You hear the phrase "carry your cross" or "we all have a cross to bear" but today, the Church celebrates the one human who can literally say he carried the Cross.
As Jesus was staggering under the load, shouldering his cross out of Jerusalem to the place of execution, there was a guy in the crowd coming in from a place called Cyrene. His name was Simon, a Jew from Cyrene, who was in Jerusalem for the Passover. The Roman soldiers picked him out of what was probably a large group of people watching the executions. Why? Was he taller? Did he catch the eye of the Centurion because he looked strong enough to carry the load with out further delay? We will never know. I chose this image to portray the strength of Simon and how he helped the traumatized Jesus. Click on the link to view the artist's website. We do know that the Romans had a legal right of a soldier to require a provincial to carry his gear one mile for him, and that is probably the law used in this case.
Simon was a bystander, yet he was chosen to act in a powerful drama that he could not know was occurring when he arrived in Jerusalem that day. He wasn't a follower of this Rabbi being executed, he did not know His family, friends or even His message. He was from Cyrene, some distance away in Africa. Plucked out of obscurity by "chance" Simon was compelled to take near center stage at the very Redemption of humanity.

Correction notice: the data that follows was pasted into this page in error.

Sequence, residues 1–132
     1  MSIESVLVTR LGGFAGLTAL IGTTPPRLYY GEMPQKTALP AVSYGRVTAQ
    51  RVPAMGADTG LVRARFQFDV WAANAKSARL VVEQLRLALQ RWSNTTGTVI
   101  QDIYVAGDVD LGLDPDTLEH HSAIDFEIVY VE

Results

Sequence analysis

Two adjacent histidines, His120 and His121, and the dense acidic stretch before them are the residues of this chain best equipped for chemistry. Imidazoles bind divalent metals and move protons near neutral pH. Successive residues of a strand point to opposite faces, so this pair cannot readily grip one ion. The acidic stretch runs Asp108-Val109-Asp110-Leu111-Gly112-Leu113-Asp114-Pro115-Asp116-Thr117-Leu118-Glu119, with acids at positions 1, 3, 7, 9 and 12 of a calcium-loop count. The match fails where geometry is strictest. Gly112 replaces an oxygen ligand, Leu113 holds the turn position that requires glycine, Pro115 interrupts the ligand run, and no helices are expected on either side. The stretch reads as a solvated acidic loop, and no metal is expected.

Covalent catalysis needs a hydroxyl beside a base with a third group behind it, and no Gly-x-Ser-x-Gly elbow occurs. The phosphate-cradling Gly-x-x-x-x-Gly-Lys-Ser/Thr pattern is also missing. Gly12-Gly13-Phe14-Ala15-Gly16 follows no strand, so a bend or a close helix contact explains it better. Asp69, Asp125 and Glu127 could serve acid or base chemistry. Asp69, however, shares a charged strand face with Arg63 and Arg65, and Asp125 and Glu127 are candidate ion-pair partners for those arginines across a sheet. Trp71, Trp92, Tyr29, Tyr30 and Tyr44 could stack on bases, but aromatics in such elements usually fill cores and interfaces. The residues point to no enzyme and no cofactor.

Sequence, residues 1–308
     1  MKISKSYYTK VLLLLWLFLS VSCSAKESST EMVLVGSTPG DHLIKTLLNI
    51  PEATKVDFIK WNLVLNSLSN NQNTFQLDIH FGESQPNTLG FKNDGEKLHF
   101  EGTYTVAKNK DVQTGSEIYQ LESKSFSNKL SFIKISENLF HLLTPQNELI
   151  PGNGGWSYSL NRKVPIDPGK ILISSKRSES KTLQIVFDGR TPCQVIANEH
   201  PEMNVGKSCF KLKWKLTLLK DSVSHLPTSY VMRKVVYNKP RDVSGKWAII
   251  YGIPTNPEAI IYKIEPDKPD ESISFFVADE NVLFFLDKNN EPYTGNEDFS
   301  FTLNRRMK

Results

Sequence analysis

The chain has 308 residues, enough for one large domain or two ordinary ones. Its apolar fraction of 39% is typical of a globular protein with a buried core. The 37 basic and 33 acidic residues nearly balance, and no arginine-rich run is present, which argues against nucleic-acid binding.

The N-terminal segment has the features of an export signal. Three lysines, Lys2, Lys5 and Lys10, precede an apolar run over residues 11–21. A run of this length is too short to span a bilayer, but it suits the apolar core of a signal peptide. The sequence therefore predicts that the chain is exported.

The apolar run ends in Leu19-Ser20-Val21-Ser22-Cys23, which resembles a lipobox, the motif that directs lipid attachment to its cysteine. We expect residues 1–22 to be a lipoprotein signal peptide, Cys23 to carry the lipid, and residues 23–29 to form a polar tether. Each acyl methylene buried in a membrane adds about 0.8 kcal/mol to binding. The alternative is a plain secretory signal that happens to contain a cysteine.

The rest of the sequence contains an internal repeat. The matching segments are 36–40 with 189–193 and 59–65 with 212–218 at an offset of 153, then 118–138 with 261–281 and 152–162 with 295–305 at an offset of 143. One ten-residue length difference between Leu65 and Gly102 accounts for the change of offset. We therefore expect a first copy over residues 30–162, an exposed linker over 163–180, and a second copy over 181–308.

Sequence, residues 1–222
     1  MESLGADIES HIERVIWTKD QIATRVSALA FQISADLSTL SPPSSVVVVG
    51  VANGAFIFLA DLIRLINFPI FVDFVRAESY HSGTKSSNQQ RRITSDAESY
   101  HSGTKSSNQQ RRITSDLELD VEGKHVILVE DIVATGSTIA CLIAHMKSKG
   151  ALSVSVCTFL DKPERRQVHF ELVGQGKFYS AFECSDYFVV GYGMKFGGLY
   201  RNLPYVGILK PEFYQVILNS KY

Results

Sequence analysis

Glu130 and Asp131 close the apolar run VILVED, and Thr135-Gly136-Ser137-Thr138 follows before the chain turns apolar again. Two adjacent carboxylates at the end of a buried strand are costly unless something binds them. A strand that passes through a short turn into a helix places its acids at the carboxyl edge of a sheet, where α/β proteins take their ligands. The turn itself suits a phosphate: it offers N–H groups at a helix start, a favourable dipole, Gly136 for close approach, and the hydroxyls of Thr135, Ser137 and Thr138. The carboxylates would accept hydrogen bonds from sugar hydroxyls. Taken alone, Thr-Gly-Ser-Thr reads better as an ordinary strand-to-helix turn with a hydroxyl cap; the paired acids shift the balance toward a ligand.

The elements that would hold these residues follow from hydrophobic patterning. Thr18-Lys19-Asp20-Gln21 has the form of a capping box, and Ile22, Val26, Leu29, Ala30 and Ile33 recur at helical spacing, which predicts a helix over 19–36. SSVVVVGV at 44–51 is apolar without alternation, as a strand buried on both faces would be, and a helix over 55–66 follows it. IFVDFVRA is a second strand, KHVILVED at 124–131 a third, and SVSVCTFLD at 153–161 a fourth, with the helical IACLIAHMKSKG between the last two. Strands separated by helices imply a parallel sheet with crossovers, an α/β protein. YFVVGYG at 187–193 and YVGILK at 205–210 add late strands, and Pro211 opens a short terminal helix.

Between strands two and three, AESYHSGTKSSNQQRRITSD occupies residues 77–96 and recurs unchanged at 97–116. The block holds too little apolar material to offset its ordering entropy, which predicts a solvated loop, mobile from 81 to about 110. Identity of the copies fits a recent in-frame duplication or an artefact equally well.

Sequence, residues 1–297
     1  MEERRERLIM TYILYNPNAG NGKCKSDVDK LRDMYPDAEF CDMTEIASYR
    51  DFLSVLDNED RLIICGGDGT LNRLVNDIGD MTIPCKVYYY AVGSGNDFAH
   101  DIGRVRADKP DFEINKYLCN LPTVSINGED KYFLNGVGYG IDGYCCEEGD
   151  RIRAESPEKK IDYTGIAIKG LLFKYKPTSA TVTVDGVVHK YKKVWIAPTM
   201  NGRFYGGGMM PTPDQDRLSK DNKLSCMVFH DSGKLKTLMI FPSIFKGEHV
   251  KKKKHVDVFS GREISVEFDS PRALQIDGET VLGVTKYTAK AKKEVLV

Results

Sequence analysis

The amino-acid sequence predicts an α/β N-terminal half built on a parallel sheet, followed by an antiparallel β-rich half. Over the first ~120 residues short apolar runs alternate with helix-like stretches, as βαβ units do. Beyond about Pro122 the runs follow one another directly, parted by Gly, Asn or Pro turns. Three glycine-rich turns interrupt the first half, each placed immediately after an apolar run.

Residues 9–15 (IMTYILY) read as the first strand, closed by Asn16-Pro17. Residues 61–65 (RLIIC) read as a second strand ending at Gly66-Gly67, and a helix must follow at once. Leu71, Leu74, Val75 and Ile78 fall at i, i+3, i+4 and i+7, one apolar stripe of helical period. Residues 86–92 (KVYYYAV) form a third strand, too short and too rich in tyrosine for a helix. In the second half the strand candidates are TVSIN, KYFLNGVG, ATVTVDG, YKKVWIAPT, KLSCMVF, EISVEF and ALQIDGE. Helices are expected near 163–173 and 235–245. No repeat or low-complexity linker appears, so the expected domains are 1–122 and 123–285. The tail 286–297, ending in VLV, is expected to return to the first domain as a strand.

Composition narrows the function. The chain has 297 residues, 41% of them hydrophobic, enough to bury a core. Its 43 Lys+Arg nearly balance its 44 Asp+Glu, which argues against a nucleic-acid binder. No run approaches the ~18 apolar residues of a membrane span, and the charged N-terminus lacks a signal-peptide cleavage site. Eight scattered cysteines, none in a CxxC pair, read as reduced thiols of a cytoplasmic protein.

But did Simon just go his on way unaffected? No. Somehow, Jesus in the short time He had with Simon touched him in some profound way that forever changed him. What questions did he ask? Perhaps "who are You" or "why are they doing this"? We know that the Gospeler Mark tells us that Simon was "the father of Alexander and Rufus" without further explanation, apparently taking it for granted that his readers would all know who Rufus and Alexander are. About a century later, the Christian writer Papias tells us that Mark originally wrote his Gospel for the Christian community in Rome. It appears that Alexander and Rufus were well known to, and probably part of, the Christian community in Rome. Also in the Acts of the Apostles, we hear that some "men of Cyrene" are preaching the Gospel in Antioch. Was Simon one of them? We don't know for certain, but it does seem that Simon was converted on that day, carrying the Cross of Christ, and his children followed the Lord after him.
The question is, how does carrying each other's burdens convert us? Do we accept help like Jesus did, or do we try to shoulder our burdens alone?
Heavenly Father, Whose most dear Son, as He walked the way of the Cross, accepted the service of Simon of Cyrene to carry His physical burden for Him: grant us each the grace gladly to bear one another's burdens, for the love of Him who said, "As you did it to the least of these My brethren, you did it to Me," Your Son Jesus Christ our Lord, Who now lives and reigns with You and the Holy Spirit, one God, now and for ever. Amen.